Artificial Porcelain

Artificial Porcelain

Artificial Porcelain

The first European attempts to produce artificial porcelain with the look and feel of Chinese porcelain involved mixing white earthenware clays with so much glass that the products looked and felt more like glass – than clay-made objects.

Given the nature of the first attempts to produce artificial porcelain-like pottery in Europe, it would seem that the model at hand (based on what materials were available) was glass made opaque with tin oxide, such as the later German Milchglas, “milk glass.”

Milchglas itself did not become the European sought-after substitute for Chinese porcelain, probably due to the inherent differences between clay and glass.

The nature of glass made it impossible to shape it using any of the potters’ methods, so a mixture of clay and ground glass was tried.

Artificial porcelain made in this way resembles that of the Chinese only superficially. It is always termed “soft” or “soft-paste” porcelain┬ásince it requires a softer (i.e., lower temperature) firing.

The product was softer (it could be scratched with a knife).The date and place of the first attempt to make soft porcelain are debatable. Still, some Middle Eastern pottery of the 12th century was made from glass and glaze materials mixed with clay and is occasionally translucent.

Much the same formula was employed with some success in Florence in about 1575 at workshops under the patronage of Duke Francesco de Medici.

No further attempts of any kind appear to have been made until the mid-17th century, when Claude and Francois Reverend, Paris importers of Dutch pottery, were granted a monopoly of porcelain manufacture in France.

It is unknown whether they succeeded in making it, but it is known that by the end of the 17th century, “soft porcelain” was being made in quantity by a factory at Saint-Cloud, near Paris.

Another product called “fritted porcelain,” also referred to as artificial porcelain and soft porcelain, was made by pulverizing Chinese porcelain pieces and introducing the powder directly as a frit into “porcelain” clay and glaze recipes (using blends of known earthenware and stoneware clays) in the ongoing attempt by Europeans to emulate the raw materials of Chinese porcelain (before knowing and having the Chinese kaolin-to-feldspar proportions).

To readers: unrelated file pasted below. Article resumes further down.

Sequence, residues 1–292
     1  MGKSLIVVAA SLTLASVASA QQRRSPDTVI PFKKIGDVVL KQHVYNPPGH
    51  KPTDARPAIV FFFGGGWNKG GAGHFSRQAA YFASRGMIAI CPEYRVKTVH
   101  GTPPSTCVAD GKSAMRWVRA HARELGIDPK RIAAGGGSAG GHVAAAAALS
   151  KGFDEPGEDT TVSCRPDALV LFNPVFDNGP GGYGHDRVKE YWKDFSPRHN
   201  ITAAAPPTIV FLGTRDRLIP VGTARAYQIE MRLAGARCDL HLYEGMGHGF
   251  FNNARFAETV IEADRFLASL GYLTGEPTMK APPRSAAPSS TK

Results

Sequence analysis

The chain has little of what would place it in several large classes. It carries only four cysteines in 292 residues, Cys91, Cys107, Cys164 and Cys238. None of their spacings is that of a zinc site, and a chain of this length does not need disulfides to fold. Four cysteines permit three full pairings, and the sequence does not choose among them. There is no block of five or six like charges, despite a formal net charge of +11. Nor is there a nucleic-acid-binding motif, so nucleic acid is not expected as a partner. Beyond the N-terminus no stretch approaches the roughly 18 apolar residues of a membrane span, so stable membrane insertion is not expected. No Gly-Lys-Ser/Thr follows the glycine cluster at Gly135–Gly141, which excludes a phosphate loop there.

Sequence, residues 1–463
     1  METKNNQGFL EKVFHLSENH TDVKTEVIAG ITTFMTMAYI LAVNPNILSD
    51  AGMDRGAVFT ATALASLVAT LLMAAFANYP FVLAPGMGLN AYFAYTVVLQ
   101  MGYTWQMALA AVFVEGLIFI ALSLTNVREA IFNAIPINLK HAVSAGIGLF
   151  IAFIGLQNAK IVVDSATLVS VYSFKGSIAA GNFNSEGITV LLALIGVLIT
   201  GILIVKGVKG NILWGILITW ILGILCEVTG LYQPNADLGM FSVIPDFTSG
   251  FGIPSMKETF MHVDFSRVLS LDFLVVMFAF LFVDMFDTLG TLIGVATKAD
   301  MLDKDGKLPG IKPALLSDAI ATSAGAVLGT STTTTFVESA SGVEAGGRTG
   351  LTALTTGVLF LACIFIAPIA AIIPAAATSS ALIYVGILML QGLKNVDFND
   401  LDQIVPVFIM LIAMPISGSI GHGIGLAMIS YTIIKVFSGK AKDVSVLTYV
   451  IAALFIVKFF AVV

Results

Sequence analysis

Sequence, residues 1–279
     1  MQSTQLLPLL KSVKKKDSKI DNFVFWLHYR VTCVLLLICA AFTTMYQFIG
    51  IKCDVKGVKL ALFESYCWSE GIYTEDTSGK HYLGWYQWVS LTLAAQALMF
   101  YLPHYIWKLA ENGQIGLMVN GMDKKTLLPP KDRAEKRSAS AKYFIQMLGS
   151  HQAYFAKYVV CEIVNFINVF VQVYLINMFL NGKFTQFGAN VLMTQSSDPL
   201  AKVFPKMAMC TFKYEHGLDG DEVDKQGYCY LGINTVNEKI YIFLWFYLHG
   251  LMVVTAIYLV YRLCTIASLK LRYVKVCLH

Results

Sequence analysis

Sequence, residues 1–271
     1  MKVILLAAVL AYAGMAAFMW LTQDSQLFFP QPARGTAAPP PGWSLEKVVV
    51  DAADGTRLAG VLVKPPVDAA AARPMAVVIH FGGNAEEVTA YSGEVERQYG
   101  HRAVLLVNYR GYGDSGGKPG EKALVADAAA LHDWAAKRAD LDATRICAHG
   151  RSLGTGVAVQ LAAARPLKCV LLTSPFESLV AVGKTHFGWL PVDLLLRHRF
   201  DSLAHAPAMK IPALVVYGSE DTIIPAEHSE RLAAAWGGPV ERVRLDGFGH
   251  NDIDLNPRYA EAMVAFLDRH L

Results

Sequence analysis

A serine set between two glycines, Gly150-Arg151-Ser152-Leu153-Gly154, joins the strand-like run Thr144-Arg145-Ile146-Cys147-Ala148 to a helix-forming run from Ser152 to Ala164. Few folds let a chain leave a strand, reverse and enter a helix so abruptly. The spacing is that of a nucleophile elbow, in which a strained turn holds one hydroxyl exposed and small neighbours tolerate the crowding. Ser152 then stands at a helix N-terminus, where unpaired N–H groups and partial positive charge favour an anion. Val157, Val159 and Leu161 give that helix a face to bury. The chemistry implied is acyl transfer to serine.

Similarly, a ware called “cupel,” made of (usually) bone-ash porcelain crushed and melted and poured into moulds without any further to-do over mixing with crude clay before firing, as would be done with such a composition to be used as a frit (as in the case of the so-called ‘fritted,’ or ‘artificial’ porcelains).

Alla Porcellana

Artificial Porcelain DishAn Italian nomenclature used in English for porcelain-like wares made during a certain portion of the history of porcelain making.

Toward the end of the 15th century, Ming porcelain was revealed to Italian potters. It had as much influence on shapes (which became more delicate, subtle, and varied) as it did on increasing the repertory of ornament.

This was the beginning of the alla porcellana motifs (meaning “in the style of porcelain“) painted in cobalt blue on a white background, echoing the Ming pottery devices of floral motifs in chrysanthemum and peony.

Sprays, tiny leaves, and vines, either trailing or hanging in minute festoons from the border and even framing subjects often connected with the life of those distant lands: junks, pagodas, silkworms, etc.

This family of artificial porcelain wares was in the workshops of Faenza by the end of the 15th century and continued there for several decades, with variations appearing at Caffaggiolo and Montelupo in Tuscany throughout the 16th century.

 

 

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